Around the world, organisations are working to inspire the business community to embrace opportunities in the green economy. One of these philosophies – zero waste – is currently doing just that, by addressing the ways we make, consume and dispose the ‘stuff’ our businesses generate. With the global aim to reduce and eventually eliminate waste sent to landfill to be disposed, here are our top six picks of who’s currently leading the charge.
Six weeks after the implementation of Method’s 60L Office Recycling Bins in one of their buildings, Mackay Regional Council have seen a significant reduction of waste to landfill. “The system we had was not working,” said Tim Ey. “Staff were disengaged, and it was inconsistent.” After forming a working group with the waste and property […]
Eriez Introduces a Line of SMART Products Designed To Maximize Metals Recovery And Separation Efficiency
Eriez proudly introduces a new line of SMART (System Monitoring and Reporting Technology) products for the recycling industry. These advanced products were developed to monitor and report on frequently fluctuating measurements throughout typical recycling processes, giving operators greater control over their processes to maximize metals recovery and separation efficiency. The SMART products line for recycling […]
When you think of waste what is the first thing that comes to mind? Coffee Cups… Plastic Bags… Straws? Cytotoxic Linen probably wasn’t the first thing that came to mind. The Smart Plastic Hydropol has enabled Cytotoxic Linen to be bagged and identified without exposing hospital teams to the Cytotoxic Linen. This has reduced the […]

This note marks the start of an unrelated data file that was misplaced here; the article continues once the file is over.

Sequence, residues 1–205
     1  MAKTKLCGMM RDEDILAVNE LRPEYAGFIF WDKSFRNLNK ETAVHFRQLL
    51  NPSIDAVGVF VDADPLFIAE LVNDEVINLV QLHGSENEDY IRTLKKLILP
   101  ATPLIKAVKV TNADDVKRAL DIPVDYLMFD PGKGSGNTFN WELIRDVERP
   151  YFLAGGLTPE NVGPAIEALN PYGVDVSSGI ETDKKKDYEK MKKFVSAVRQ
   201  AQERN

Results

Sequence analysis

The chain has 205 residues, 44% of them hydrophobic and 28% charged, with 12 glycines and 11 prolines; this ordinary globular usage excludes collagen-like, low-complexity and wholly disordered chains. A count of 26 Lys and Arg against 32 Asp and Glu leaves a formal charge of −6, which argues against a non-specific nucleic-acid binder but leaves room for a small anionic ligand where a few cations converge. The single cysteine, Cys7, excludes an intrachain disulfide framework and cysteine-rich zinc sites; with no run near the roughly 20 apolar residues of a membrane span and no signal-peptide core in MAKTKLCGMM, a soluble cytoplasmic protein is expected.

The ISSA Cleaning & Hygiene Expo will be co-locating with the Australasian Waste & Recycling Expo (AWRE) in 2018.
Australia is a nation of clothes-lovers, so much so, that we are the second highest consumers of clothes (per capita) in the world. The average Australian buys 27kg of clothes every year, but because the stuff we buy often costs so little, we think nothing of chucking it away when we are sick of it. In fact, every 10 minutes, Australians throw out 6000 kg of clothing, making textile waste the fastest growing sector of household waste.
If recycling were a Commonwealth Games sport, Australia would be Trinidad and Tobago. We rank 17 out of the 34 OECD nations in the recycling event, yet we are increasing the amount of waste we generate — up 23 percent between 2006 and 2015. Of course, this is not news to the waste industry. Finding a way to deal with waste is becoming more pressing, as our days of exporting it to other countries are rapidly coming to an end.
Australians are the second-highest producers of waste per person in the world, beaten only by Americans. So it’s good to see our industries taking innovative approaches to finding sustainable waste and recycling solutions in some of our most important waste sectors.
The damaging and long-lasting environmental effects of excessive waste has gained significant awareness in recent years. From re-usable coffee cups to the ban on plastic bags, Australian consumers have been making strides in their efforts to recycle, re-use and better dispose of waste. Our industries are helping this cause too, with a growing list of companies investing in packaging that is sustainable, biodegradable and even compostable!
Progressive councils across Australia were already pushing the boundaries on managing municipal waste even before the China import ban, and since then several exciting new initiatives have been announced.